The remainder of this paper is organized as follows. Section 2 discusses related work. Section 3 introduces the definitions of the problem and STPT model, presents the framework of inference processes and illustrates the recommendation strategy. Section 4 describes the simulated dataset and evaluates the performance of the STPT model. Finally, Section 5 concludes the paper and discusses future research directions.

2. Related Work

The goal of our work is to develop a spatiotemporal task recommendation system for remote image data. In this section, we introduce some relevant studies and works, which can roughly be categorized into three groups.

2.1. General Recommendation System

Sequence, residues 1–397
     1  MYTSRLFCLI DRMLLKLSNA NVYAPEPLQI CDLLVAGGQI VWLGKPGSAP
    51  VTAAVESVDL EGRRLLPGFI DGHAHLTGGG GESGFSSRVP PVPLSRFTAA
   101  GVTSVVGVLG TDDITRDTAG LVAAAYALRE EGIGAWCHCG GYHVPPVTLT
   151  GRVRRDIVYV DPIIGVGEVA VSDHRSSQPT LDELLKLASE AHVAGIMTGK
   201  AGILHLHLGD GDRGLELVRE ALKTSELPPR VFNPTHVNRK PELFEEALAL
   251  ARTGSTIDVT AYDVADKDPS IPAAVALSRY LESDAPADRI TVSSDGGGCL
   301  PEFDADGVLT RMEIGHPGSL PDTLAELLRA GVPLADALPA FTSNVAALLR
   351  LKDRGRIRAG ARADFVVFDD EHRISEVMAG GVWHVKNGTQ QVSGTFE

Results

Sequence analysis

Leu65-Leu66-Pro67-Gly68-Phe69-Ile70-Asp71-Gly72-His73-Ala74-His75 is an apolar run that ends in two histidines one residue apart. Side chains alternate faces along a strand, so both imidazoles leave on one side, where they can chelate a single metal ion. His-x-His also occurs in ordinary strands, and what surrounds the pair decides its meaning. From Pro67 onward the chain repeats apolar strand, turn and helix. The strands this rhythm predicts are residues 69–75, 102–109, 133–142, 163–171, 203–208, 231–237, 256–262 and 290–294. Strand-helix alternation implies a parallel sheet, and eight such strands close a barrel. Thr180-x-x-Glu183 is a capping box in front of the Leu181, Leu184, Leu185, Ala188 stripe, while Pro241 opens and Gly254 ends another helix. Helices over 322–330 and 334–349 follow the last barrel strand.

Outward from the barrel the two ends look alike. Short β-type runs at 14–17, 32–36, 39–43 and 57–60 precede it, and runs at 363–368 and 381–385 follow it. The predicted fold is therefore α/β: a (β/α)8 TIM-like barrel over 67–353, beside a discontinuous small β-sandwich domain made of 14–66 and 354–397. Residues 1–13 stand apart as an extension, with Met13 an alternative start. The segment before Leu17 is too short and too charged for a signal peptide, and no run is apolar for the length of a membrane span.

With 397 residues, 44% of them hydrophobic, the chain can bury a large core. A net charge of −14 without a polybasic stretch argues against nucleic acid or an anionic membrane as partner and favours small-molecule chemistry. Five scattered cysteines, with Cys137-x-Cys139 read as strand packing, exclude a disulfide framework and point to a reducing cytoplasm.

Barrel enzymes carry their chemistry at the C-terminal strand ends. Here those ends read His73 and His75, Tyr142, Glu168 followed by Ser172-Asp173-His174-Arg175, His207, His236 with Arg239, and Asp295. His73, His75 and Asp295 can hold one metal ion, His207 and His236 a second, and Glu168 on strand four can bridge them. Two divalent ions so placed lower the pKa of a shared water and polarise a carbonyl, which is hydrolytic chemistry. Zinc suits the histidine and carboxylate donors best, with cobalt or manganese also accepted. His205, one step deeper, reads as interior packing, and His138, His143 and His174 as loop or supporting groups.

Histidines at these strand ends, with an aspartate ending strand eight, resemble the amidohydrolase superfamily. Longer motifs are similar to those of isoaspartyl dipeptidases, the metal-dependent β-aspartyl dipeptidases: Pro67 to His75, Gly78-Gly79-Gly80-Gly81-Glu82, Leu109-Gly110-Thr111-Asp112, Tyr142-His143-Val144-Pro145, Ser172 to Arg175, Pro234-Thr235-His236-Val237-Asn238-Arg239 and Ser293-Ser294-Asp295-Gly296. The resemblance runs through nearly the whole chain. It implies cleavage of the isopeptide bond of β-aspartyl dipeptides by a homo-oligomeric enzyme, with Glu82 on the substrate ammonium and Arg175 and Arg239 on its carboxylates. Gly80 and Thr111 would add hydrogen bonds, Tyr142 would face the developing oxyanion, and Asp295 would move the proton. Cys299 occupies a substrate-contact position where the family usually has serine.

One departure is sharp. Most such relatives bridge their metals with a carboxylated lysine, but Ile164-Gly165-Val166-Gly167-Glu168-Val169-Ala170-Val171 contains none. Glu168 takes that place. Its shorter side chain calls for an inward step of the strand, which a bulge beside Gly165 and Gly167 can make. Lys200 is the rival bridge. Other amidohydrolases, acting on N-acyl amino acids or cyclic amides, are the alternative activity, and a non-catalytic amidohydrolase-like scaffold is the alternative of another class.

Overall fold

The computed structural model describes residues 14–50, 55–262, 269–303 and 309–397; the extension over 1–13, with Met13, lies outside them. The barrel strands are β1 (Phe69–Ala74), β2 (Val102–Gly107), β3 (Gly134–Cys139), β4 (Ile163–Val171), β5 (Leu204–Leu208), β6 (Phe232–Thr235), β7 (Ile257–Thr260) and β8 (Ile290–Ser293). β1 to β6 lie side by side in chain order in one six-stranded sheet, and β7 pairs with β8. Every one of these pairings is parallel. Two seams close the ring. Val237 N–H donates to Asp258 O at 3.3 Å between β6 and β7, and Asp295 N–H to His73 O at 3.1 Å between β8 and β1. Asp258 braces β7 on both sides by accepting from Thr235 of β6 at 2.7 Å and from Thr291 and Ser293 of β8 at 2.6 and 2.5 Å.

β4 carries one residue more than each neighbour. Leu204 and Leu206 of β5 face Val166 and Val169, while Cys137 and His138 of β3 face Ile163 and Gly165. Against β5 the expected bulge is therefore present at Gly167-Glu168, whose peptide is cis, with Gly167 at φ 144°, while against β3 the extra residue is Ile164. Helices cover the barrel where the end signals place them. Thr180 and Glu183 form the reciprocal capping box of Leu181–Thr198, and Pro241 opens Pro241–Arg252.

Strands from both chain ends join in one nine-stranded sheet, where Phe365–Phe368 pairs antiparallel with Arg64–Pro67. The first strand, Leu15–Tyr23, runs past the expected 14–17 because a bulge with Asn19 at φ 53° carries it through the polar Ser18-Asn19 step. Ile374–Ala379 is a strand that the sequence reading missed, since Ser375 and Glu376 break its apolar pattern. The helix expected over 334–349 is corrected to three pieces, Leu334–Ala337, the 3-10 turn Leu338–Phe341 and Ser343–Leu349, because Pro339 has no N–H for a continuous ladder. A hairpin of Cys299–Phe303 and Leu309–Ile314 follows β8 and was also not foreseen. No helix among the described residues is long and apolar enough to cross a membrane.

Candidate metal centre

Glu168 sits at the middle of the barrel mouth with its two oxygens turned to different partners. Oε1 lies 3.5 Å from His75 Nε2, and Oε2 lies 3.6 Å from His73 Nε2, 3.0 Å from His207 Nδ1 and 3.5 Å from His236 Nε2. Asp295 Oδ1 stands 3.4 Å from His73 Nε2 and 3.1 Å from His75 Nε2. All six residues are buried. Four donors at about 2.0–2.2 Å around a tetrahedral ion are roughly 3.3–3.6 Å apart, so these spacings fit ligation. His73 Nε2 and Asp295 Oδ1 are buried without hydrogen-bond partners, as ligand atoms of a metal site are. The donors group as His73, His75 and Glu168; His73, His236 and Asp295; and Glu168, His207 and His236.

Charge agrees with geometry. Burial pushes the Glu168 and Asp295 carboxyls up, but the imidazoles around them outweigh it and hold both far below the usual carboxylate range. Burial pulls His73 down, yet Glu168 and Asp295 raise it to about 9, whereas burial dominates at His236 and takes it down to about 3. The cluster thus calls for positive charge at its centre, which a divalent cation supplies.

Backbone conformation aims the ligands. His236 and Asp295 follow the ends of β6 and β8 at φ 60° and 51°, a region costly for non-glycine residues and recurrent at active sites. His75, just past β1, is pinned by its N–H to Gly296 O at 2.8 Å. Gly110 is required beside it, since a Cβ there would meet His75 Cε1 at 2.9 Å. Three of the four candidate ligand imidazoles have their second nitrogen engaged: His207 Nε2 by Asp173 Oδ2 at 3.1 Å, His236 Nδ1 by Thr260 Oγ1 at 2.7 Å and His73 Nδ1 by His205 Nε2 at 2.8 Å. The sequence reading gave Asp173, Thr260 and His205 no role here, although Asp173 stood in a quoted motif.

A recommendation system is intended to recommend the relevant items to users according to user profiles. A user profile is composed of user backgrounds, domain knowledge, historical behaviors, and some information about user interests or preferences. The state-of-the-art user profile models can be classified into four categories: theme-based models, keyword and weight-based models, user-item matrix models and semantic models [17]. Collaborative filtering (CF), as one of the user-item matrix models, has been proven to perform well in e-commerce [18,19,20,21] and information retrieval [22,23,24]. The basic idea of CF is that similar users may be interested in the same items. CF utilizes the items as recommendations by finding those items that similar users have chosen before. However, this approach performs poorly if the user group size is small or the historical rating data are sparse, which is the well-known cold start problem. Recent studies [25,26,27,28] have demonstrated that a hybrid approach, combining CF and content-based approaches can provide more accurate recommendations and solve some of the common problems in recommendation systems such as cold start and the sparsity problem. Even so, it does not perform recommendation based on spatial data. In remote sensing applications, user groups are limited in size, and little rating history of the items is known, so the general recommendation algorithms are not applicable to remote sensing data recommendation. Our proposed STPT model builds the user profiles with unstructured meta-data of RS images, thereby overcoming the weaknesses of limited user groups and unknown rating history.